13 Nov 2010

Pakistan blasphemy laws were intended to prevent reform of Islamic laws and silence women's rights activists

Daily Times - Pakistan December 10, 2009

Violence in the Name of Religion and its Impact on Women

Need to analyse, review discriminatory laws stressed

Daily Times Staff Report

ISLAMABAD: Speakers at a seminar on Wednesday discussed the issues related to violence on women in the name of religion and stressed the need to analyse and review the laws and policies to give women due status.

They expressed these views at a seminar “Violence in the Name of Religion and its Impact on Women”, organised by National Commission on the Status of Women (NCSW) at a local hotel.
Human Rights Commission of Pakistan (HRCP) Director IA Rehman in his address focused on the impact of violence on the rights of women and non-Muslims in Pakistani society. He said Pakistani women had never been granted their fair share since 1960.

“Even the laws that are supposed to stop discrimination against women have had little impact because the Hudood (which outlaws extra-marital sex and rape outside of a valid marriage), Qisas (which calls for equal punishment for the crime committed) and Diyat (compensation payable to a victim’s legal heirs) Ordinances have not been repealed or amended,” Rehman said.

He quoted Allama Iqbal’s 1930 Allahabad address, in which he said Islamic Fiqh was stagnant since 500 years. “Iqbal gave a number of lectures and compiled them under the title ‘Reconstruction of Religious Thought in Islam’, because he wanted to reconstruct Islamic laws that violate women rights,” he said.
Rehman said in modern days, even enlightened people could not think about his/her rights, as their thoughts have been highjacked. “A nation, whose’ thoughts are shattered, faces the worst consequences. And violence in the name of religion could not be justified at any front,” he said.
The HRCP director said unfortunately liberty, freedom and authority had been granted to those who were violators of women rights.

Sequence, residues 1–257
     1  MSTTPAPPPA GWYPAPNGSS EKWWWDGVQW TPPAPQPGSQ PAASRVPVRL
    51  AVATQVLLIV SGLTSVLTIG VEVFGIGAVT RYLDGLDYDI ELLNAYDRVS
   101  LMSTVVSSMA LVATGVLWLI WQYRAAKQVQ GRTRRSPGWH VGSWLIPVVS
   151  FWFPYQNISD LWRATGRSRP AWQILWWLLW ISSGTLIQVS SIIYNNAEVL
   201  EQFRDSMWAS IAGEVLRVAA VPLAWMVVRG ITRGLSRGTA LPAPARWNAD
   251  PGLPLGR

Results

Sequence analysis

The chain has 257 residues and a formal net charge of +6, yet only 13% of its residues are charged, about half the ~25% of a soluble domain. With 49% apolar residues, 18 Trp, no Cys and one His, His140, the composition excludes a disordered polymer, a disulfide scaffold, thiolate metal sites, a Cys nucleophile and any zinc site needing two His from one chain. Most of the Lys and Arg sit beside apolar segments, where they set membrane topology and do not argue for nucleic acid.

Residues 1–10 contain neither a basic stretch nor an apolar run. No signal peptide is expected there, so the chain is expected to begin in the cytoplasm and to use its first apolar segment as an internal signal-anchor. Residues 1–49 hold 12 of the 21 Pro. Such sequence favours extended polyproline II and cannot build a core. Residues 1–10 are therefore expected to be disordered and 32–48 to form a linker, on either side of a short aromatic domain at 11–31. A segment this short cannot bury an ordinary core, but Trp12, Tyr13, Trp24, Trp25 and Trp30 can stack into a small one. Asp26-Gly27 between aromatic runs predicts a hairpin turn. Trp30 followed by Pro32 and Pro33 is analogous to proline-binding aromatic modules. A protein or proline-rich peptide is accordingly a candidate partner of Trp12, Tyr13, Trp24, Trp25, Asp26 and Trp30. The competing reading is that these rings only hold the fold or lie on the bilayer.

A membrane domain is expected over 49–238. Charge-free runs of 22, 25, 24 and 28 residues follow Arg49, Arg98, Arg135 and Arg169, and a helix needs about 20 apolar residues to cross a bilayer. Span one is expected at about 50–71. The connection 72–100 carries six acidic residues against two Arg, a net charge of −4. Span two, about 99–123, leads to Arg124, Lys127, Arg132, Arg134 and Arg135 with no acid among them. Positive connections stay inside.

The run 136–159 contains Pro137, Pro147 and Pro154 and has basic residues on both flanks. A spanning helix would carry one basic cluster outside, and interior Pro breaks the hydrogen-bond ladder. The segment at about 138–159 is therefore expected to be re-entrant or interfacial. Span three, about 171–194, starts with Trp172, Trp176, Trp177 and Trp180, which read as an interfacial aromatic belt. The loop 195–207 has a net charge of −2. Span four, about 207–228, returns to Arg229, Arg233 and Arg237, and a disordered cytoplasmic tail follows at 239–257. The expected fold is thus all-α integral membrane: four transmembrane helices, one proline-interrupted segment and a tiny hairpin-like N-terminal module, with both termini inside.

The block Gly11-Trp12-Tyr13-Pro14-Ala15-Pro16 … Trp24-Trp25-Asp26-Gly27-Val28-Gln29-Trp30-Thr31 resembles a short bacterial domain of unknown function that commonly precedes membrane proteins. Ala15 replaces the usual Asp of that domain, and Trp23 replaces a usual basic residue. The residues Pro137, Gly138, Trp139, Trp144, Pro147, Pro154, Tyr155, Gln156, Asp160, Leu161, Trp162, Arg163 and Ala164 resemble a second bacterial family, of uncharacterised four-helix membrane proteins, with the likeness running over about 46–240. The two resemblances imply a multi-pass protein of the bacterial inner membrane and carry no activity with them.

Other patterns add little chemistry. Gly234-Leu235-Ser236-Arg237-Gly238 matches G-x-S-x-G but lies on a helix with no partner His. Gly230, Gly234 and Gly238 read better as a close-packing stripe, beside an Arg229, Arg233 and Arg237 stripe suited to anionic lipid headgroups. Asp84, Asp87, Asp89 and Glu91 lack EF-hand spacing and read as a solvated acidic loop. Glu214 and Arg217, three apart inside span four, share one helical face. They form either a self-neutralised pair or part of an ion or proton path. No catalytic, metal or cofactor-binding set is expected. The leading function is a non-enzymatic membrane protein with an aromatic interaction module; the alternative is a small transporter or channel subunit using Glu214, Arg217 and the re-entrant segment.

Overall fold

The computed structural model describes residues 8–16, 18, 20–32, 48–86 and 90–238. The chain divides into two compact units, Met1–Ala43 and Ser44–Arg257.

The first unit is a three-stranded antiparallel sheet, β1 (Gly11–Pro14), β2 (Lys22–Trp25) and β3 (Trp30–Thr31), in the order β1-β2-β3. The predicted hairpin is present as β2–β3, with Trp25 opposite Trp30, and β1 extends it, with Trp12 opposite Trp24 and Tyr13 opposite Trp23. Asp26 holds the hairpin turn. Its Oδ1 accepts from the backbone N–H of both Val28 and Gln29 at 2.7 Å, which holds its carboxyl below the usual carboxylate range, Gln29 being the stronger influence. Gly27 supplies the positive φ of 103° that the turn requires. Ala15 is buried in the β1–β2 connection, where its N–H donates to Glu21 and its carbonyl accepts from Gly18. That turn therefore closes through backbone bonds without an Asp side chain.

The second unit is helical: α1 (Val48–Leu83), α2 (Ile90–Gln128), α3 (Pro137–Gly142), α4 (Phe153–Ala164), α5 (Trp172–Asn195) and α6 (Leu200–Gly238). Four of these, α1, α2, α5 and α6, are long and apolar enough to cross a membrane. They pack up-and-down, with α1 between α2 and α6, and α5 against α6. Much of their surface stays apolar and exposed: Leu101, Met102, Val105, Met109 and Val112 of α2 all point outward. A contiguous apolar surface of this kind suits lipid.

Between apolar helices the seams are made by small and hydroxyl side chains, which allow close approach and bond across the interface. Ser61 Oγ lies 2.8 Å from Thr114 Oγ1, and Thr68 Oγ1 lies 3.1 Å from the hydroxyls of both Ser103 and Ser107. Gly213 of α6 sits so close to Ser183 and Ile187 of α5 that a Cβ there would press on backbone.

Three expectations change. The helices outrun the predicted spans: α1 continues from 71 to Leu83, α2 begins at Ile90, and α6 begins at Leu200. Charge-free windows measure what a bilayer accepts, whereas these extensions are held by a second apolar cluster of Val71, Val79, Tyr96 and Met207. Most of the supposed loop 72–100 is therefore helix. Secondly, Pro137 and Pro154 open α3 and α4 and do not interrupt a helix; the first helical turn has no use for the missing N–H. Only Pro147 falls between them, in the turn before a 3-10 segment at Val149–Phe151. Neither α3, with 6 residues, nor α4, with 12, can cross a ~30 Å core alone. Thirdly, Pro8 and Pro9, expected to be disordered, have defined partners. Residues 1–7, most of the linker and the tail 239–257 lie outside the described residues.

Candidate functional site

Former information minister and PPP-P MNA Sherry Rehman said an active support of civil society and media was required for equal rights to women. Ms Rehman cautioned the civil society activists that they should not expect strong support, like Women Bill in the past, from parliamentarians for repealing blasphemy laws.

Council of Islamic Ideology Chairman Dr Khalid Masood advised the civil society to be realistic in their struggle and demand. He requested them to set such targets, which were achievable and should not take absolute position on sensitive issues.

Hina Jinali discussed the flaws and ambiguities in blasphemy laws. She said Zia’s Islamisation was opted to narrow down the status of women in Pakistan. “The real meaning of blasphemy laws under Zia rule was to stop negotiations regarding Islamic laws and it was imposed on people of Pakistan to perpetuate political rule. Consequently, every individual has to suffer,” Jilani said, adding, all blasphemy laws, ordinances and clauses made during Zia regime were against the tolerance and equality of men and women.

Anis Haroon in her concluding remarks said NCSW needed to look beyond women’s rights to education and health. “The intolerance, violence and unrest in society have badly affected the women. We need to work on all strategies once again and strengthen it by allying and lobbing with other likeminded groups, supporters in the parliament and media.

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